Alone with his brother and sister-in-law, Monsieur Martin began to discuss with them his plans for the future. The fortune which he had made in business at Alencon was sufficient to allow him to live henceforward on his income, and to devote himself entirely to the education of his children. He relied on the kindness and affection of Madame Guerin to guide his elder girls in their duties as "little mothers" and mistresses of the new home in Lisieux.
Early the next day our party set out for "Les Buissonnets." After crossing the public park, they were soon in the narrow lane leading to the house where Therese was to pass her happy sheltered childhood. The elder girls looked sadly at the home where they would never see their dearly-loved mother.
But Therese was delighted with everything.
The house itself was bright and sunny, and to add to its charms there was a large belvedere with carved woodwork and stained glass windows, commanding on all sides a beautiful view over hills and meadows. In front of the house was a flower-garden with lawns and trees, and behind, a big kitchen-garden. It all seemed wonderful to the imagination of a child of five.
They soon settled down in this their new home. Marie spared no pains to make her father happy, while Pauline busied herself with the little ones confided to her care. This was a charge that seemed to have been left to her by her mother, who on her deathbed had taken Pauline's hand and kissed it reverently, as if to appoint her spiritual mother of her sisters.
Pauline took upon herself the entire care and education of Therese, who was still too young to go to school. Under so devoted a teacher, the child soon learned to read and write, and the first word she could read was "Heaven."
Every day, when lessons were over, the "little Queen" went up to the belvedere, the usual quarters of her father, whom she called her "King." She would climb on to his knee and proudly show him her marks, which were always good.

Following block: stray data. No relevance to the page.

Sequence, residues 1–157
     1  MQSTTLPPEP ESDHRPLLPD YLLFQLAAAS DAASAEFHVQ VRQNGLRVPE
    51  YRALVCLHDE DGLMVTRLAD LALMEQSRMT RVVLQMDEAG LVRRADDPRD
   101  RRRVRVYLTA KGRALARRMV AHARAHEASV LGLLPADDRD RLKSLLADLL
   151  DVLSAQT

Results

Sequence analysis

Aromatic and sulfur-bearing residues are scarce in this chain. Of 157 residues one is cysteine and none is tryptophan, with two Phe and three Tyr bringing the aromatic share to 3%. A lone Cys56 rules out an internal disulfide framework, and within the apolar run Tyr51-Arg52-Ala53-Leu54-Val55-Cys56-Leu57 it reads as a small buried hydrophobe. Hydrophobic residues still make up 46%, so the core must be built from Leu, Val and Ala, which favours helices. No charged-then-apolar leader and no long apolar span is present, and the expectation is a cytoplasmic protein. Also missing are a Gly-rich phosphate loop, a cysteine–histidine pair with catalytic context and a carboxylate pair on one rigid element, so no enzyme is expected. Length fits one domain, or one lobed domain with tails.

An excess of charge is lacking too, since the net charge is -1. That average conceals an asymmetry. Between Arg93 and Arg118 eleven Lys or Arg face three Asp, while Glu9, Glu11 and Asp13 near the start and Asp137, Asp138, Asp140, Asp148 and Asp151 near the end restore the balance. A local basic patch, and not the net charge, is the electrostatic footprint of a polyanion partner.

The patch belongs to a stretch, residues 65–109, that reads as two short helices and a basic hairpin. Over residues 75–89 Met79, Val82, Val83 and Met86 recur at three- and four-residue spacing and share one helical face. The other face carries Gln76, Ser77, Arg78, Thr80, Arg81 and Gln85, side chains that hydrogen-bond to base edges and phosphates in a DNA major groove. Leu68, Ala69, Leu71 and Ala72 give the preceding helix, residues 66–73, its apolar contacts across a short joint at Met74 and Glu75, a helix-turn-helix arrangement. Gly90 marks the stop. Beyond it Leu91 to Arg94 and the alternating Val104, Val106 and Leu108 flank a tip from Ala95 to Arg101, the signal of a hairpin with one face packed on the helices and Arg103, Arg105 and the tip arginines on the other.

Sometimes she would find him in the garden, and take him for a walk, skipping along gaily at his side. If she left him for a moment, it was only to make up strange drinks from the bark of trees. When these "wines" turned out a pretty color she would bring them to her father in a doll's cup. He would pretend to drink the odd mixture, and declare it delicious.
Another favorite occupation of Therese was to make altars of moss in a hollow of the garden wall. When they were ready, her father had to come and look at them and go into raptures over their beauty.
To encourage her to work diligently at her lessons a celebration was held every year at "Les Buissonnets for the distribution of prizes. Though Therese the only competitor, strict justice was observed, and she only obtained the rewards she had really deserved. A number of friends were invited to see acted by the children, the conservatory being hung with draperies for the occasion.
But before the play began, the "little Queen" made her entry on the stage, and her father, seated in the place of honor, solemnly presented her with her prizes.
This ceremony always suggested to the childish imagination of Therese the day of judgment, when only the wicked need have any fear, while those who all their lives have worked for God will be generously rewarded.
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